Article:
If you care about this planet, if you worry about our propensity for wrecking its natural systems, if you want to be reminded of what real
Dec 28, 2018 rated it it was amazing
Beautifully written essays with many original thoughts. Mr Berry communicates his love of the land and explains why it matters so well that even I, a life-long city dweller, could appreciate. Berry is never dull and always honest. There is an integrity in his way of living and way of writing that won my respect.
Look at the date of each essay before you read it. In many of them Mr Berry is way ahead of his time. In some of them, the passage of time has shown his predictions to be unbalanced but
Sep 16, 2018 rated it really liked it
This was first read f a Wendell Barry book. Fantastic! I really need to read more by this guy. He brings a different view to the debate. He's got plenty here to upset the conservative and progressive viewpoint. He just seems to take Wendell's view. I especially liked the essay Why I will never own a computer. I wonder if he still does not have one. And his responses to readers of his essay was also very nicely done. I still have a few more to read but this was a wonderful book and some essays ...more
Sep 09, 2018 rated it liked it
have long admired him and expected to like this more than I did. Certainly has its moments, and he's nothing if not impressively consistent, but I'm not sure essay collection spanning decades is the optimal format for consumption of his worldview. I should probably have bought it and sampled one every month or so.

Read straight thru, a suburban non-farmer like myself can end up feeling hectored by a somewhat humorless person obsessed with how food is produced, the downside of modernity [computers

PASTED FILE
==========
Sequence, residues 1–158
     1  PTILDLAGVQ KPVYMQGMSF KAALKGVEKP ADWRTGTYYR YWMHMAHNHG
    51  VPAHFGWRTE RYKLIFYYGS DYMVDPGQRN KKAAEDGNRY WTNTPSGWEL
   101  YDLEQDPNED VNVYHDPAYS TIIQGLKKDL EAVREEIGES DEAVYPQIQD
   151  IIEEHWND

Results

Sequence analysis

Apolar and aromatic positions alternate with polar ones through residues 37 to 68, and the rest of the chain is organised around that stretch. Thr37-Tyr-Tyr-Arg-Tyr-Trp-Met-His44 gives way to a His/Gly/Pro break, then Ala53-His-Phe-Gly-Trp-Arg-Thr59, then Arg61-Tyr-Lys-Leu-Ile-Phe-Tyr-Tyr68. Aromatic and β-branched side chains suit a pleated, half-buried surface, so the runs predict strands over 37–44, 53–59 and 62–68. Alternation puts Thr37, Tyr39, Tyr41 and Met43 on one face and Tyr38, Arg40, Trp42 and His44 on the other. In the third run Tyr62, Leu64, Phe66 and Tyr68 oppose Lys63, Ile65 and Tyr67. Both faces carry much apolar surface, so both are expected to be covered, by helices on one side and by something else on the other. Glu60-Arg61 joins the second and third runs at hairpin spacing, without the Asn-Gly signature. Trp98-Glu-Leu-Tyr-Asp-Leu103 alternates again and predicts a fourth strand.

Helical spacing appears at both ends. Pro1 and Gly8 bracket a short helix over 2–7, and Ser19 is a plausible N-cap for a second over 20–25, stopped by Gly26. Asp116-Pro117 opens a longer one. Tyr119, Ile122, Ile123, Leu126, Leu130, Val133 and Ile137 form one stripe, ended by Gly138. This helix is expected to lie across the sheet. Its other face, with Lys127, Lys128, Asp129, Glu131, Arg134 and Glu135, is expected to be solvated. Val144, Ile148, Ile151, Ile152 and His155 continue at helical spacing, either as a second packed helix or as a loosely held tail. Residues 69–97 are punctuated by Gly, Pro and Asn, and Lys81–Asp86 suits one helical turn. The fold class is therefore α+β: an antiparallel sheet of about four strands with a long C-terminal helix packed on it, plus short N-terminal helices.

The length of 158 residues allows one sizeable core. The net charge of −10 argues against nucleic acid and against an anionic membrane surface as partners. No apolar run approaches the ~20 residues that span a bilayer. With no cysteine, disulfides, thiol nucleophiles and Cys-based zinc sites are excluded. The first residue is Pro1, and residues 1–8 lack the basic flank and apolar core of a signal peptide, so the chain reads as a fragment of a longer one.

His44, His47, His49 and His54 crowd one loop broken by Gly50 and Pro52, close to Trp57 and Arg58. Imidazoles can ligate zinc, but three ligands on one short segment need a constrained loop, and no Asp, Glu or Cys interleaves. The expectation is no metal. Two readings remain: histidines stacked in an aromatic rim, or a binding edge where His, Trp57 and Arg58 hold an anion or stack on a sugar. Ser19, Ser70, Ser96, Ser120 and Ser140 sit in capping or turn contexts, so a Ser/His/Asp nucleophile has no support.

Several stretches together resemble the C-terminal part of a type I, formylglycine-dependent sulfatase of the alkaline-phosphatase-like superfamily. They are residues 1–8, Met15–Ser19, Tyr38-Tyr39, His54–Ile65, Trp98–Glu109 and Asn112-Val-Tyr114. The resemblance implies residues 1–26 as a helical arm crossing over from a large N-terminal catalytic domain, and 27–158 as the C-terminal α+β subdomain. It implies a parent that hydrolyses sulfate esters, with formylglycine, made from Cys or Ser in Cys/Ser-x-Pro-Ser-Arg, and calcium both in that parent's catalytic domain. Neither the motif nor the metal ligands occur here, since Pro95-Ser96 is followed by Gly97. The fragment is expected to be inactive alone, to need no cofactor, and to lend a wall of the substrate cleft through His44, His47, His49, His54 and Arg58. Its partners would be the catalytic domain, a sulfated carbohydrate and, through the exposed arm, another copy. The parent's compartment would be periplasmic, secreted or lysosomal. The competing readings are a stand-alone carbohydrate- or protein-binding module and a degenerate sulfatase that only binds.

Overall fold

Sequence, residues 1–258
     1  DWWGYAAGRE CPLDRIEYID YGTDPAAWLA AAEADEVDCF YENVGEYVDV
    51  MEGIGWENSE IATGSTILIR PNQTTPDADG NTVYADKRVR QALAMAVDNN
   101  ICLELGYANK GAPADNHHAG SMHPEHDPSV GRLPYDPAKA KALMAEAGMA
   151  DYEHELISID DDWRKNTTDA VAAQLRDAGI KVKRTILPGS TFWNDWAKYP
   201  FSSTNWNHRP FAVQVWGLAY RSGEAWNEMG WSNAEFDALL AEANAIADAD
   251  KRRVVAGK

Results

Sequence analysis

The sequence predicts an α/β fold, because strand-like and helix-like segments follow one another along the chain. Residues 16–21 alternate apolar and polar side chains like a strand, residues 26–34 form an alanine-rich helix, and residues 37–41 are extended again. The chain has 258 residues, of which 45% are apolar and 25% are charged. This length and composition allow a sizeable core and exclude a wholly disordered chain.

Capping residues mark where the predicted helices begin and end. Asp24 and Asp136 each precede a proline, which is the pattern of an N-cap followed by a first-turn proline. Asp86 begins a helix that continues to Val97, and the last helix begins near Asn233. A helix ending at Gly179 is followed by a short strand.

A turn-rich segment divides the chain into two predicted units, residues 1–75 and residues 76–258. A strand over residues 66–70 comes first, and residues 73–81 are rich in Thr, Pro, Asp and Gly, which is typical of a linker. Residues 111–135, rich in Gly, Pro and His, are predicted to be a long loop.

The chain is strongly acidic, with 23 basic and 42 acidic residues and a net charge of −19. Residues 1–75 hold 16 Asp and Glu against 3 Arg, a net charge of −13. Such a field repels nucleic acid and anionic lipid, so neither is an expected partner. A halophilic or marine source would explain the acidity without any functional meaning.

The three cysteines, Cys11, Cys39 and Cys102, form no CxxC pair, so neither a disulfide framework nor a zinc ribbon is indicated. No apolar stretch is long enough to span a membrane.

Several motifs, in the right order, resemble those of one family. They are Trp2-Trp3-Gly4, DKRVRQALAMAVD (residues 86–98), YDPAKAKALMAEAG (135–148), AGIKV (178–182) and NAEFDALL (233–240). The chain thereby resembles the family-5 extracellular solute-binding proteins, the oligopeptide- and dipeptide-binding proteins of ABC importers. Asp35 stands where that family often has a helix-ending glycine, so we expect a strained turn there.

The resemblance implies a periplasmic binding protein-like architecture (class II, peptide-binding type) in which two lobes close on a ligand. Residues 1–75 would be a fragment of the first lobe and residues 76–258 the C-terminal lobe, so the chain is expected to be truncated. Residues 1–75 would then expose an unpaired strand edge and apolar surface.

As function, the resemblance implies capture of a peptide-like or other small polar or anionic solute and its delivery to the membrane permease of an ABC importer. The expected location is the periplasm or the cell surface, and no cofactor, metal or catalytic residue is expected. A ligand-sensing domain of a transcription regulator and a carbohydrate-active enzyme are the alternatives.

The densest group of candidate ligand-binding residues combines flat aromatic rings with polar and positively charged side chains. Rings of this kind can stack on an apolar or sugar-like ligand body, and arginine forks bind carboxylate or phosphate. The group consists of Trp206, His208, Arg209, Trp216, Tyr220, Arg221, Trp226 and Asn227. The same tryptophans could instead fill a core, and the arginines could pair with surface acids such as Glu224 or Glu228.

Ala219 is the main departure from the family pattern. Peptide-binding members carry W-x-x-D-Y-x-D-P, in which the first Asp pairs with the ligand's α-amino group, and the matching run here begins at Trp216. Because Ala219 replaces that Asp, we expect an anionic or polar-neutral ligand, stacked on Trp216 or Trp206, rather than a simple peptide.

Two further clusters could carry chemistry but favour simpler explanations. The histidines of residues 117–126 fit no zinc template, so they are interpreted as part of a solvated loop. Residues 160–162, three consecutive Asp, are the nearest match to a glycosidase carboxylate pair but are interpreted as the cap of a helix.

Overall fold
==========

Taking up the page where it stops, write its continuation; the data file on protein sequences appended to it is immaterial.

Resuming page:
Deborah Adams
Jan 29, 2020 rated it it was amazing
Wendell Berry wised up a long time ago. While still a young man, and long before Save the Planet became trendy, Berry recognized the importance of humanity's connection to nature. These essays, like most of his work, point out the symptoms and devastating side effects of losing that connection. I'm never sure whether reading Wendell Berry makes me feel hopeful or hopeless, but it always makes me remember that I am part of the wild and powerful environment.
Robert Culliton
Sep 13, 2018 rated it it was amazing
A must read. Most independent thinker I've read in years.

If you're looking to get a sample, I really enjoyed the individual pieces "Faustian Economics" and "The Rise".

Contrary to how it sounds, The Rise is a fun story about a river raft trip during a flood and is not some dark allusion to upheaval in the wake of global economic collapse :)
Jan 12, 2020 rated it liked it
Shelves: 2020-reads
The first essay was so incredible. That essay made me think I was gonna love the entire book, a new favorite. The rest of the essays were okay not all of it I agreed with and it felt repetitive. When I finished the book however I felt a weird respect for him. He definitely thinks differently than most people I talk to. This book made me think for sure.